Susan Swetter, MD
Swetter, professor of dermatology, was named chair of the National Comprehensive Cancer Network Melanoma Panel. She has been a member of the network since 2007 and chaired the American Academy of Dermatology melanoma clinical practice guidelines update in 2019. Swetter’s research interests include melanoma epidemiology, prevention and early detection; she is the first dermatologist to chair the network’s melanoma panel.
Yunzhi Peter Yang, PhD, and Greg Zaharchuk, MD, PhD
Yang, associate professor of orthopaedic surgery, and Zaharchuk, professor of radiology, were inducted into the American Institute for Medical and Biological Engineering College of Fellows. Membership in the college is reserved for those who have made outstanding contributions to research, practice or education and have made major advancements in medical and biological engineering.
Heike Daldrup-Link, MD, PhD
Daldrup-Link, professor of radiology, received an award from the Andrew McDonough B+ Foundation. She and her collaborators will use the $150,000 grant to develop artificial intelligence algorithms that speed up studies of diagnostic imaging in children with cancer.
Sanjiv “Sam” Gambhir, MD, PhD
Gambhir, professor and chair of radiology, was awarded the Marie Sklodowska-Curie Medal from the Institute of Electrical and Electronics Engineers. He received the honor, which included a $10,000 prize, for his pioneering work in the development of multimodality molecular imaging, a method now used around the world to study biological processes in living subjects.
Dung Nguyen, MD, PharmD
Nguyen, associate professor of plastic and reconstructive surgery, received a James IV Association of Surgeons Traveling Fellowship award. The $15,000 grant will allow her to spend four weeks traveling to Canada, Ireland and the U.K. to learn about techniques in reconstructive breast surgery, treatment for and prevention of lymphedema, and approaches in surgical training. .
Sergiu Pasca, MD
Pasca, assistant professor of psychiatry and behavioral sciences, won the 2020 C.J. Herrick Award in Neuroanatomy from the American Association for Anatomy. The award honors outstanding basic research contributions to neuroscience. Pasca is recognized for building 3D self-organizing models of the human brain from stem cells and for uncovering fundamental mechanisms of genetic forms of neuropsychiatric disorders.
Manpreet Singh, MD
Singh, associate professor of psychiatry, received the Blanche F. Ittleson Award for Research in Child Psychiatry from the American Psychiatric Association. The honor, which includes a $2,000 grant, is for outstanding research in child and adolescent psychiatry that has led to, or could lead to, an advancement in promoting the mental health of children.
Mark DeBuse, MD
DeBuse, resident in emergency medicine, was selected as one of 60 scholars in the 2020 Presidential Leadership Scholars program. The awardees travel to presidential centers to learn from former U.S. presidents, administration officials, business and civic leaders, and leading academics.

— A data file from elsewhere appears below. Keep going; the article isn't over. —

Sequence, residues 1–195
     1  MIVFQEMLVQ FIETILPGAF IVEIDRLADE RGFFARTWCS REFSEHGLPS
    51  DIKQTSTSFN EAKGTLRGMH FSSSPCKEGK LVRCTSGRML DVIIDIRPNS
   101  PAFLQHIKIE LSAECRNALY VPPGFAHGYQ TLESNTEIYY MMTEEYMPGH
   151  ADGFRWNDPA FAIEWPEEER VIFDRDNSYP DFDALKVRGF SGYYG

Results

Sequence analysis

Deshka Foster, MD
Foster, general surgery resident and PhD candidate in cancer biology, has received a Ruth L. Kirschstein Postdoctoral Individual National Research Service Award from the National Institutes of Health. The award includes more than $65,000 to fund her research into pancreatic tumor fibrosis.
Julia Simard, ScD, and Virginia Winn, MD, PhD
Simard, assistant professor of epidemiology and population health, and Winn, associate professor of obstetrics and gynecology, have been awarded the 2020 Peter Joseph Pappas research grants from the Preeclampsia Foundation. The grants, totaling $184,624, will fund their research into preeclampsia.
Vanila Singh, MD
Singh, associate professor of anesthesiology, perioperative and pain medicine, received the American Academy of Pain Medicine’s Philipp M. Lippe Award for her work at the U.S. Department of Health and Human Services, as well serving as chairwoman of the U.S. Best Practices Inter-agency Pain Management Task Force.
Ranak Trivedi, PhD
Trivedi, assistant professor of psychiatry and behavioral sciences, was accepted into Cambia Health Foundation’s Sojourns Scholars Leadership program. She will receive $180,000 to research the unmet needs of South Asian women with breast cancer and their informal caregivers, and to develop an intervention program to address their needs.
Alexei Wagner, MD
Wagner, assistant professor of emergency medicine, led a team that was honored with Stanford Health Care’s Malinda Mitchell Award for Quality. Mitchell is a former president and CEO of Stanford Hospital & Clinics, now Stanford Health Care. Wagner and his team were honored for reducing inpatient mortality and using design-thinking and empathy-building to improve patient outcomes.